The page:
Bristol Opening Doors Goes Around the World
Australia, China, Egypt, India and the United States: what do these countries have in common with Bristol Opening Doors?
Nearly six hundred people from these countries and the UK have downloaded the Bristol Opening Doors free smartphone app since its launch in April, that’s what!
We love the thought of so many local and international visitors using the app to discover Bristol, listening to the unique stories of the people who’ve helped design, lived or worked in the ten featured buildings. You can view photos, which take you behind the doors of the buildings not usually open to the public and read key facts.
Hold Bristol in the palm of your hand as you explore the city streets, using the app’s enhanced content to discover the buildings in greater detail, either on its own or as a companion to the printed walking trail.
Soak up the knowledge of local experts and enthusiasts as they tell you stories about and recount their memories of the buildings that you won’t hear elsewhere.
Wherever you are in the world, the Bristol Opening Doors app enables you to discover our fascinating and lively city.
To bring Bristol’s architectural heritage to life, download the app here.
School Visit to the Bristol Heart Institute
To celebrate Bristol Doors Open Day 2014, the Architecture Centre organised a visit to the Bristol Heart Institute (BHI) for Year 12 and 13 Product Design students from St Mary Redcliffe & Temple School. The students were treated to talks by Jane Newson, Director at public art consultants Willis Newson and Craig Bennett, Project Architect at Coda Architects, where they shared their experiences of working on the project and offered invaluable careers advice to the group, inspiring the next generation of architects and designers.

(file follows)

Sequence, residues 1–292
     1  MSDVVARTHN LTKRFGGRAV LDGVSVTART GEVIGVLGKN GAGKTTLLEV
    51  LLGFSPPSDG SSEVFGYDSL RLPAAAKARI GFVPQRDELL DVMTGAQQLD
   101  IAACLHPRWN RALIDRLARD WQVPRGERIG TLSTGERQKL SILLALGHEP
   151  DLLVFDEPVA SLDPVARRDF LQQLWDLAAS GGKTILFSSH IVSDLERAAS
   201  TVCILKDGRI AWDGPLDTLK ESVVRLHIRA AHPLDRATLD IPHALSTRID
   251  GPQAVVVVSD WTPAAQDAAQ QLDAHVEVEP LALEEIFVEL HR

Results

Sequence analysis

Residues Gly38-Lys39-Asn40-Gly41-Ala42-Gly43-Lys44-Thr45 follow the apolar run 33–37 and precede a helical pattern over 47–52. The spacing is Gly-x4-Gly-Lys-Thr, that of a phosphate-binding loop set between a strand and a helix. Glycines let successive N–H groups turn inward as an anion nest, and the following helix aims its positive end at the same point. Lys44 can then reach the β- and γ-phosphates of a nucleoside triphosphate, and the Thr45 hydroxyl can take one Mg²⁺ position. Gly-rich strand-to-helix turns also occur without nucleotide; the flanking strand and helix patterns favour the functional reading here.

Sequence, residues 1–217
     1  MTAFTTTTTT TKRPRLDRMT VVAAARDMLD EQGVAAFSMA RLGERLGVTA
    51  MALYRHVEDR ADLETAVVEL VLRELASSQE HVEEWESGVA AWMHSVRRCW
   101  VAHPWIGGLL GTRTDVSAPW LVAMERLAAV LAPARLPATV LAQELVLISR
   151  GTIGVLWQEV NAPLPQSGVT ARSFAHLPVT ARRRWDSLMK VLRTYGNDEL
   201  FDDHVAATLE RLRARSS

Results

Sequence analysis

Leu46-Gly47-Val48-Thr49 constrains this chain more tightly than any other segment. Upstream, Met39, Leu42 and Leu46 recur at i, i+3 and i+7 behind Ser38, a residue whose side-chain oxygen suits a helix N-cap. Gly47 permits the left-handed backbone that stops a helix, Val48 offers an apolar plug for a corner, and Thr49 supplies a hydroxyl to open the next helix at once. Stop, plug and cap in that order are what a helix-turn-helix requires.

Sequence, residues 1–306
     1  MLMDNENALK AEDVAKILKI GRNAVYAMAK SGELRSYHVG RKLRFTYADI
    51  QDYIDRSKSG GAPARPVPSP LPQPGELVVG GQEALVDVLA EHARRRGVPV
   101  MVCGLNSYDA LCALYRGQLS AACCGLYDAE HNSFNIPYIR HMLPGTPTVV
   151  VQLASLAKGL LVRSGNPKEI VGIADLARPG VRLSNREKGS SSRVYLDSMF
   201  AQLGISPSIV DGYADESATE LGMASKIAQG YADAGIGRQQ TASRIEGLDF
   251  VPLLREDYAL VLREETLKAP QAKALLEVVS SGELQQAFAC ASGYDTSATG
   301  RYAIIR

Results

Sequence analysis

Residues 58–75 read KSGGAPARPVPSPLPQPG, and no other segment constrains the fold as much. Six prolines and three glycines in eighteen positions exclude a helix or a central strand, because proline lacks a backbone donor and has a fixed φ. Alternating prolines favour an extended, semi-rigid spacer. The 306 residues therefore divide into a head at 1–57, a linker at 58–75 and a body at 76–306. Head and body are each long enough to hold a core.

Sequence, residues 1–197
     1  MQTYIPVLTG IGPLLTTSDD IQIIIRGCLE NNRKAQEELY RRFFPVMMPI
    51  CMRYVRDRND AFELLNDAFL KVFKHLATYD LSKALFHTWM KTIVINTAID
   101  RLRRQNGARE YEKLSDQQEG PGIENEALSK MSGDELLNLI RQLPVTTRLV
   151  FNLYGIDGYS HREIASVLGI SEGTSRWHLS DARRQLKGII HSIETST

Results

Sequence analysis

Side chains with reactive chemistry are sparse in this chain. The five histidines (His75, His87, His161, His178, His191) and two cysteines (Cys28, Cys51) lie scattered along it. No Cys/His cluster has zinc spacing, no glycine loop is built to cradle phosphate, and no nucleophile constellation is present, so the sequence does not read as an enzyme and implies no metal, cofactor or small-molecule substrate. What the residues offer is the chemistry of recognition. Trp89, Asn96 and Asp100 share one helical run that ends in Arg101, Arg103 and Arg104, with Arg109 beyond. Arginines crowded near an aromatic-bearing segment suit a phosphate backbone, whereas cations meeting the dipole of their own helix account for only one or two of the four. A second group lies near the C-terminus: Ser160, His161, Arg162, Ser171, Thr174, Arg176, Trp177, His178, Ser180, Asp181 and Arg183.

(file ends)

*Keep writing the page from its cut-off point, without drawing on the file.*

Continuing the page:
The BHI was a unique project, with the client, architect and art consultants working in close collaboration. Willis Newson brought together artists, local school and community members, patients and staff to create artworks which are on display in the public areas, walkways, lifts, and the exterior of the building.
Coda Architects worked with the client, the University Hospitals Bristol NHS Foundation Trust, and staff to address their very specific needs: hygiene, access and patient care were key requirements of both the building design and development of the artworks.
Walter Jack’s Endless Rings sculpture in the atrium
Highlights included Craig Bennett’s tour of the central atrium and stairwell, which feature much of the artwork developed and installed by Willis Newson, in collaboration with Coda Architects and construction engineers Laing O’Rourke.
Giving the students the opportunity to hear first hand the experiences of architectural and design professionals enabled them to consider how they might apply this knowledge (understanding the need to include end users in the design process and the design considerations of a brief) to their own coursework in Product Design and future career paths.
SHARE YOUR STORIES
Have you got an interesting story or memory about any of the buildings featured in Bristol Opening Doors?
Please share them by posting a comment below.